Since the collapse of communism in 1990, Bulgaria has been undergoing a continuous transition to a market economy and political democracy. Although the fight against corruption, the economic development, and the boosting of the low standard of living, have been the main priorities for all governments, substantial progress has not been achieved so far.

The 1990s were marked by severe economic and political crises, and inadequate actions of left- and right-wing governments. It was not until the year 2001 that the liberals gained a majority in the national parliament. Then the liberal party led by the former King of Bulgaria, Simeon Saxe-Coburg-Gotha (King Simeon II), just returned from fifty five years of exile, scored a tremendous victory, gaining the support of 43% of the voters. The National Movement Simeon the Second (“NDSV”), together with the other liberal organisation in Bulgaria, the Movement for Rights and Freedoms, prepared the country for EU membership, pressing ahead with a series of market reforms and signing the EU Association Treaty in 2005. Thee unpopular reforms, however, along with the lack of a perceived increase in personal income, created widespread disappointment among the public, and resulted in the NDSV’s popularity being seriously tarnished.  The rise of populism in Bulgarian politics has, since that moment, been steadily gaining dominance over the liberal idea.

EU membership has so far opened up a tremendous range of new opportunities for Bulgaria. However, even after eight years in the EU, the country is still seriously lagging behind in terms of economic development and is ranked as the poorest EU member state.  A lot of Bulgarians are exercising and benefiting from the free travel and work within the EU, but this has resulted in serious phenomenon of brain-drain, as well.   Furthermore, the country is still under the Supervisory mechanism of the European Commission. The latter has repeatedly criticised Bulgarian progress in the field of rule of law. Moreover, Bulgaria is still falling behind in terms of fulfilment of the reforms and requirements for accession to the Schengen area of visa-free travel, although this has been a strategic priority for  several governments over the last few years.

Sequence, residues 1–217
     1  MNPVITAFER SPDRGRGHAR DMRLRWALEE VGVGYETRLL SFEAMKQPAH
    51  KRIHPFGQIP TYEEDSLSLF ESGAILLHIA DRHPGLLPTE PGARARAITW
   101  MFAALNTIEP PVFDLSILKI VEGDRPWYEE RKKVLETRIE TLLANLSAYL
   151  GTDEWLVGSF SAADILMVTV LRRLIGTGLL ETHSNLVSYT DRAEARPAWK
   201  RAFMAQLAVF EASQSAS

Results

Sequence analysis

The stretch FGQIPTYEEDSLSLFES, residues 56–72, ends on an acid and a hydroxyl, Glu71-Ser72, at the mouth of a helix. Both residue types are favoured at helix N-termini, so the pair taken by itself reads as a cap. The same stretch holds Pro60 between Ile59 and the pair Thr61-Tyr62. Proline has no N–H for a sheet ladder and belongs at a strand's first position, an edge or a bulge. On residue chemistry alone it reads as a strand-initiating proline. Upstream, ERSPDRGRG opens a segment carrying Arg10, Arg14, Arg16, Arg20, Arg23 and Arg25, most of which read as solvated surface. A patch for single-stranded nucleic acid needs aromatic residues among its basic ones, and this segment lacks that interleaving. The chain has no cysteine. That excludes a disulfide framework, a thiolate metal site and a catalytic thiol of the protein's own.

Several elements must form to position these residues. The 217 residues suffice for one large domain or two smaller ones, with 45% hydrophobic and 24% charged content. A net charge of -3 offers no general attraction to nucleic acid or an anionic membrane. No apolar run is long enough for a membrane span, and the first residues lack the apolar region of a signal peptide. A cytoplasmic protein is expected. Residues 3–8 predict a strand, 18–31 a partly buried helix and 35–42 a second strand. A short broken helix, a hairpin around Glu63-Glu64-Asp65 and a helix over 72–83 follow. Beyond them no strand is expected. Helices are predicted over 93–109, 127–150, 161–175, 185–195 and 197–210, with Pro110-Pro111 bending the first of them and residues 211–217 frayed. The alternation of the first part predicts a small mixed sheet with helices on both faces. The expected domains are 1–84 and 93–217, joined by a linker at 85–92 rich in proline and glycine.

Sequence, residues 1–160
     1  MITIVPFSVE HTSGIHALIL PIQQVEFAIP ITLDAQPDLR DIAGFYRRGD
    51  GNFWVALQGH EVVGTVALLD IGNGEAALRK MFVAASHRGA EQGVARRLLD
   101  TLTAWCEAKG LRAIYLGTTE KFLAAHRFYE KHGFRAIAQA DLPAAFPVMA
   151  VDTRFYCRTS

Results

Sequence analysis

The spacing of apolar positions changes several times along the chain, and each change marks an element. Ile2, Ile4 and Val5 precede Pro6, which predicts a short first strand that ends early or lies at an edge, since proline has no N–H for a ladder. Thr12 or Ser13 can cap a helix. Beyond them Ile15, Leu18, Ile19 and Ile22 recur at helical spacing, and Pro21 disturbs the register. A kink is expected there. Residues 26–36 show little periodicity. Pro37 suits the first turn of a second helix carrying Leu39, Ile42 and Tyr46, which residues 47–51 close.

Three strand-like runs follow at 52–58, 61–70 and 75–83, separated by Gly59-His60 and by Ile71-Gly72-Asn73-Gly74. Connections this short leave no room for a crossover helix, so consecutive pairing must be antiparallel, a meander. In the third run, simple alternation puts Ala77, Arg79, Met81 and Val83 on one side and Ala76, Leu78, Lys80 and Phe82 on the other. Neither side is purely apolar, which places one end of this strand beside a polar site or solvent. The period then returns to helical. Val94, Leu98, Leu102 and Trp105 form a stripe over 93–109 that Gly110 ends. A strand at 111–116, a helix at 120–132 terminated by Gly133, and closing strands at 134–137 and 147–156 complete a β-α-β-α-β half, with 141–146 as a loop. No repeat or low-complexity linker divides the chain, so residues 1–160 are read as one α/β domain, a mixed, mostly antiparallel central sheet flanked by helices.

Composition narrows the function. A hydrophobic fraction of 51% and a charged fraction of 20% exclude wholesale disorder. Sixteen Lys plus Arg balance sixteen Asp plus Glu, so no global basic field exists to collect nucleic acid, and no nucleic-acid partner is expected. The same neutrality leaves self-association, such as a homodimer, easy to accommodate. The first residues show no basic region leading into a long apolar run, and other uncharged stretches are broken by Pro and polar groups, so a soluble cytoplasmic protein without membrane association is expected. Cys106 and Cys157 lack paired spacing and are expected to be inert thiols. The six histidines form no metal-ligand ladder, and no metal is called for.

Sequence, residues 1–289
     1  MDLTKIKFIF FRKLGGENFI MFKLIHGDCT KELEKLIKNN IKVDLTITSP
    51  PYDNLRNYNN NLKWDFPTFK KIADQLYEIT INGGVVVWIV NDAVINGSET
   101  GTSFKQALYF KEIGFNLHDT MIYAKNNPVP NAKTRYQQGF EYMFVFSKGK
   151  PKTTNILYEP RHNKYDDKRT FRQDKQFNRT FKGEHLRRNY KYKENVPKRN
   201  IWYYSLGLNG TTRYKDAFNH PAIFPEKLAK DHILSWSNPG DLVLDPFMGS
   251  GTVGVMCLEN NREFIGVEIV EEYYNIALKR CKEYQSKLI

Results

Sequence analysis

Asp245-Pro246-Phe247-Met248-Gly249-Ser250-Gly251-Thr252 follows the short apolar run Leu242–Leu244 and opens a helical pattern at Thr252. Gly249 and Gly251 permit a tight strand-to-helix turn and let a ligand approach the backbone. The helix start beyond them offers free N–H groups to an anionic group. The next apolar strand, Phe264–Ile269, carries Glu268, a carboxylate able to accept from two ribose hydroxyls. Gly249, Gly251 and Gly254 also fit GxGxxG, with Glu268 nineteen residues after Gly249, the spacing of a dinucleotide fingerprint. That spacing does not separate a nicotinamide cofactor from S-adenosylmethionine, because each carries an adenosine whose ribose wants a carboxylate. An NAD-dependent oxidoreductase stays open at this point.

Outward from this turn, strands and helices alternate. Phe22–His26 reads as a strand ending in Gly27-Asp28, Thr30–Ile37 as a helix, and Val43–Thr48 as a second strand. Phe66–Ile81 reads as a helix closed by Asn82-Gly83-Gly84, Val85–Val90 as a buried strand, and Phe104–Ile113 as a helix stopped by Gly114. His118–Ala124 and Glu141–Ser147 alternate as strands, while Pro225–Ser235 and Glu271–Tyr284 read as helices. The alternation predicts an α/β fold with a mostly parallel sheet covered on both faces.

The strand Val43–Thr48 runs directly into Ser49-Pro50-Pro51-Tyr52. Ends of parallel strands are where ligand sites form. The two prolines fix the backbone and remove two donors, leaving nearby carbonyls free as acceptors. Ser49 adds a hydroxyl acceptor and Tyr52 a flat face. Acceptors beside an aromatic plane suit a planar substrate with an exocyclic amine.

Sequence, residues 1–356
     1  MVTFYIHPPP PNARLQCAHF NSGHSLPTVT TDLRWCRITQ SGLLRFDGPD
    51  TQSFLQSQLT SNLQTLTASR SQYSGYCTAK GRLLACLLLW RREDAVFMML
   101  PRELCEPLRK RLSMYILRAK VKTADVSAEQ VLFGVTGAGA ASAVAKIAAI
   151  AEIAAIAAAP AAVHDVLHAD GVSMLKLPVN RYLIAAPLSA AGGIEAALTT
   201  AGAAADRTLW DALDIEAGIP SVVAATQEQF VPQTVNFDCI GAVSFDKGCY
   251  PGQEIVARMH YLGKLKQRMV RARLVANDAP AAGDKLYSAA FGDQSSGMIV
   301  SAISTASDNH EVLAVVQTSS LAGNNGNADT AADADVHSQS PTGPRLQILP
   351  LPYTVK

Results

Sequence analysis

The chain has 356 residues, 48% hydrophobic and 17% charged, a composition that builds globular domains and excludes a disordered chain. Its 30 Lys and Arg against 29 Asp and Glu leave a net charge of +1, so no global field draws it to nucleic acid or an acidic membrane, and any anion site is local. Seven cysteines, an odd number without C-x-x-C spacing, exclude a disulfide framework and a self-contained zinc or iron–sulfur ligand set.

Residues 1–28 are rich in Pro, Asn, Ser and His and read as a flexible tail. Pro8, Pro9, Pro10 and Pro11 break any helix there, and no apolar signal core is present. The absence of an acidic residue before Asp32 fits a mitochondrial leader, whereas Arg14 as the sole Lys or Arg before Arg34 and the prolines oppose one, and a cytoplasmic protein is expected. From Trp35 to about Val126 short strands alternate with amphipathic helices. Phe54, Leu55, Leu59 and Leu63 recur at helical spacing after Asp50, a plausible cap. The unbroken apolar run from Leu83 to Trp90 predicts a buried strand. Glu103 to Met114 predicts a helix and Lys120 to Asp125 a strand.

Recently, the country has been characterised by a series of political crises, a substantial deficit of public trust in the public institutions and waves of public protests. Unreasonably high utility bills and scandalous appointments to public offices gave rise to massive street protests throughout 2013. The civil society voiced demands for a better living standard and more justice in the country`s governance. As a result, two governments, one conservative and one socialist-led, were forced to resign in 2013 and 2014, respectively.


FNF in Bulgaria

In Bulgaria, the FNF has been actively engaged since the very beginning of the 1990s, right after the fall of the communism. As part of the German Development Cooperation programme, the Foundation supported the transition to free market and democracy orientated system. Conveying the liberal concept through political consultancy and educational activities, FNF strengthened the democratization processes, the development of civil society and eventually, facilitated the country`s association to the European Union.

Since its accession to the European Union in 2007, Bulgaria no longer complies with the formal criteria for the German Development Cooperation. Yet, due to the vast social, economic and institutional deficits, the FNF remains still active in the country. The focus areas have now been shifted in two directions, both dealing with the European dimension. The first is consulting and capacity building of the liberal political parties in a way that they could address more effectively the problematic matters in the areas of free market, rule of law, freedom and democracy. The second, and in close collaboration with partner think-tanks, is raising public awareness of the same matters within the society through regular campaigns and publications.